First I cut out and ironed every piece needed for the size 6 jacket. Then I traced around it with a blue pen onto what I thought was PatternEase. Turns out it was Decor Bond. That's OK because it was all DH's fault for not putting a new lightbulb in my back storage room. I think he thinks I won't put any more fabric back there if he keeps it in the dark! After I traced around every pattern piece I got out my pins and my pinnable mat and laid the actual pattern pieces over the tracings. I pinned. I pivoted. I slid. I used my second pen, a red one, just like Nancy said, to trace the new cutting line. I had so many adjustments to do that I wondered if this would really work. I think it did.

Next step, at least the way I do it, is to take what should have been Pattern Ease and stitch it together with a 4.5 stitch just like I was making the jacket. Then came the try on, the look in the mirror, and the thankful smile that Nancy was right, or at least it seems so far.

The cashmere coat has now turned into a jacket, which is fine. I also changed patterns to Simplicity 2812. There really is no view as this pattern gives you the options of various bodices and pocket treatments. I am doing the brown quilted one in the center. I like the vertical lines of the pocket welts, the princess seams, raised waistline, and the stand up collar. It is also a classic design, so worthy of the cashmere. Once the coat is done I will decide if I want a fur collar or just a fur hat. I am leaning toward a fabric collar and the fox fur hat. At the rate I am going on this project, Ole Man Winter will have me wanting a fur collar and hat!.......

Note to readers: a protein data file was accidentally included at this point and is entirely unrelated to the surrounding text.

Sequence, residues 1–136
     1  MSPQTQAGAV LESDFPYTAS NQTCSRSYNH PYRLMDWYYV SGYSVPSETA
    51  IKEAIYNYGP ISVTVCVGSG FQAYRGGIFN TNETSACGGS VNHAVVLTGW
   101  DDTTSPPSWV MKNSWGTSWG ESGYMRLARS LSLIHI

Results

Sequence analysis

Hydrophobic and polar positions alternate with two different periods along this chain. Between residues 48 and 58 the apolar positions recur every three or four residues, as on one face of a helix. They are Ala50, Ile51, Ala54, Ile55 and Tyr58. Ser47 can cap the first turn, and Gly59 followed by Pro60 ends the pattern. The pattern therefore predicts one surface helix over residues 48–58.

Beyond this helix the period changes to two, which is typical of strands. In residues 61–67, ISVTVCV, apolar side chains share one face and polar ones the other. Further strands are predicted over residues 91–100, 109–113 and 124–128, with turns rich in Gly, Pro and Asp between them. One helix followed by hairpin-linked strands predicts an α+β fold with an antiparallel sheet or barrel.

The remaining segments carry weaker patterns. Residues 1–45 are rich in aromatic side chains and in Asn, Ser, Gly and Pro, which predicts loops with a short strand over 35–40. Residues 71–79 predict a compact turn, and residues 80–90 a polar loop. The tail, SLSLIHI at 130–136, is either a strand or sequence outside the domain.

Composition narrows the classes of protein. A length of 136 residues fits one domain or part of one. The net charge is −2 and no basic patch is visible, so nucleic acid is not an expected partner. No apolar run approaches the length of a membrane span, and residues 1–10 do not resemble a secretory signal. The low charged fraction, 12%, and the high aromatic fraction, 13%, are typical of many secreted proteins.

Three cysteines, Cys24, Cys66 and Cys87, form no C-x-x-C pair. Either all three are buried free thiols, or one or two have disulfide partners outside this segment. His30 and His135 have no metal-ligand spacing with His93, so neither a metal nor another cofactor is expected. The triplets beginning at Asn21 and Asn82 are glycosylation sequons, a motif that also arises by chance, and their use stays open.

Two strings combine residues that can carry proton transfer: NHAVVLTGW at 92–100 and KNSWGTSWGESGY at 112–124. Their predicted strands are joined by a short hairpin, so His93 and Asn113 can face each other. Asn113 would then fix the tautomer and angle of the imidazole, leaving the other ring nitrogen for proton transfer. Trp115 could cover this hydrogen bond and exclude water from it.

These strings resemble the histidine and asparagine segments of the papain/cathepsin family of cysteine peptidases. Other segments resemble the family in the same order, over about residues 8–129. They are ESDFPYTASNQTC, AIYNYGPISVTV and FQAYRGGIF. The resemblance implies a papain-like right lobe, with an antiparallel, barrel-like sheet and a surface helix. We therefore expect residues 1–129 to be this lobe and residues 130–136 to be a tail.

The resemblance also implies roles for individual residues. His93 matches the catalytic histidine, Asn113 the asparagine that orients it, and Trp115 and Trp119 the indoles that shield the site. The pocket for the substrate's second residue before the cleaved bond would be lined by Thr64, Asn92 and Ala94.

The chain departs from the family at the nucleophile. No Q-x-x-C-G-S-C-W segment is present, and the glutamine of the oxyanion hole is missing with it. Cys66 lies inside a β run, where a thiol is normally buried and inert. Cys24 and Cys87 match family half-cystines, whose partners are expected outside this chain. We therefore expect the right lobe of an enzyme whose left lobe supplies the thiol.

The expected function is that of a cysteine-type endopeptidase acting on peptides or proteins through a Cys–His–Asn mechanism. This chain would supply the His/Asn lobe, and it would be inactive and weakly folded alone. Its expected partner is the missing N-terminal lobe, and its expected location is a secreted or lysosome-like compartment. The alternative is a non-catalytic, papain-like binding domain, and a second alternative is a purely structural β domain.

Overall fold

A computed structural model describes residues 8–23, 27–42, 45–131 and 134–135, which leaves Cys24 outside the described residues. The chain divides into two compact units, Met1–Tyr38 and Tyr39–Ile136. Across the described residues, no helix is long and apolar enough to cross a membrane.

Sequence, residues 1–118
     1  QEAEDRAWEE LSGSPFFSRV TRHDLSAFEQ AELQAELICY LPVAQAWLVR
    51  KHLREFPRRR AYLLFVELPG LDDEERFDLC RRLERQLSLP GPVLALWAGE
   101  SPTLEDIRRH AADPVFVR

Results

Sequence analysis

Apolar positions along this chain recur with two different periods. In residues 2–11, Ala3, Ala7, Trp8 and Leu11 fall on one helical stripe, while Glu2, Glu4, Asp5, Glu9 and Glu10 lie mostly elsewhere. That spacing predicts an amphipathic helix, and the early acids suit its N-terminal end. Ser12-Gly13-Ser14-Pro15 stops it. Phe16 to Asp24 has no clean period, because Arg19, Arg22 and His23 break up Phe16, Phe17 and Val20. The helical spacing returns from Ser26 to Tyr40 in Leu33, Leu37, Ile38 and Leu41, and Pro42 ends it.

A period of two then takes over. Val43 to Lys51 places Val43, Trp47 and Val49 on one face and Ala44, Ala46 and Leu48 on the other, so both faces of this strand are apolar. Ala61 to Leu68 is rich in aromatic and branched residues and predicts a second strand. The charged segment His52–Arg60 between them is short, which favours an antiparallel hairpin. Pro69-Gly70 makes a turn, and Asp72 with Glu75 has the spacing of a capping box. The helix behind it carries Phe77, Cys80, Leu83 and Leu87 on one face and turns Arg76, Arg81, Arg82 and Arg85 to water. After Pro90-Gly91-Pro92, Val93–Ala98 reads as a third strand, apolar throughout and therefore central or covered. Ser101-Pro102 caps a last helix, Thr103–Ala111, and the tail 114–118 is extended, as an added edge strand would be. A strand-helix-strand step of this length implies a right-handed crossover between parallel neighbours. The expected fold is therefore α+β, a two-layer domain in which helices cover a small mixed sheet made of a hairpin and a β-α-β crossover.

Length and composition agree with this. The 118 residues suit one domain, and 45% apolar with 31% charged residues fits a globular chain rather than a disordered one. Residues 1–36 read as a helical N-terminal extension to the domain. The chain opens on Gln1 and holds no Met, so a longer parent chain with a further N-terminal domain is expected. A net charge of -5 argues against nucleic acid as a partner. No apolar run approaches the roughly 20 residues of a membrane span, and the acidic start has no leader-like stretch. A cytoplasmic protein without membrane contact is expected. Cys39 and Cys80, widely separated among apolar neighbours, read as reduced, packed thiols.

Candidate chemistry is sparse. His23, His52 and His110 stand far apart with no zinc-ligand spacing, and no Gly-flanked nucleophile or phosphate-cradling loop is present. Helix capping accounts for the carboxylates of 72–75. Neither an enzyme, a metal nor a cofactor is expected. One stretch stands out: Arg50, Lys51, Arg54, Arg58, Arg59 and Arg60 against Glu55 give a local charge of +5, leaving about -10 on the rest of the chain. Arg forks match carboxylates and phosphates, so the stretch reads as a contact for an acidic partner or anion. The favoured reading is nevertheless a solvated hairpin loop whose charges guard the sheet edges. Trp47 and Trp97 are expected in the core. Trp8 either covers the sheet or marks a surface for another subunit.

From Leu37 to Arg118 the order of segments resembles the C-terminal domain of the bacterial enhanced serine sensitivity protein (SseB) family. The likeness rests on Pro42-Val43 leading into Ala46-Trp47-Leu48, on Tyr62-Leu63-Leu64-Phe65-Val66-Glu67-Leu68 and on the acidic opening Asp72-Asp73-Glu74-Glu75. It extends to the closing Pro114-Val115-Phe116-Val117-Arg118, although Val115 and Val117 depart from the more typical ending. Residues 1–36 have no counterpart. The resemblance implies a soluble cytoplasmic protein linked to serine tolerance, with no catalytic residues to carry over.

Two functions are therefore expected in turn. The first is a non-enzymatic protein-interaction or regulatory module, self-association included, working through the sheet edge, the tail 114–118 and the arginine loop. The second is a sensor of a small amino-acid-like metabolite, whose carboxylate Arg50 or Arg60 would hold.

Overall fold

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We had some dreary rainy weather yesterday. Around noon I got in the car to hit our tiny post office, catch up on gossip, and pick up the mail. I usually back track right back to the house but decided to drive the loop around our little village of three hundred fifty people. This road reaches a point where it turns to dirt for a few miles and there is not a home around. I thought the view of this misty, orange crowned road was just gorgeous. Time to share.(enlarge to appreciate)..................Bunny

Thursday, October 16, 2008

Two Felted Bags!


The Autumn Bag: the bag has a base of a pale orange cashmere that I felted after purchase. Needle felted into it are various fibers, including some Cotswold curls and angelina. Sweeps of machine stitching, layers of roving, and hand embroidery stitches all blow across the bag, just like an autumn leaf! French knots became little highlighters and chain and herringbone stitches floated across with the leaves as well.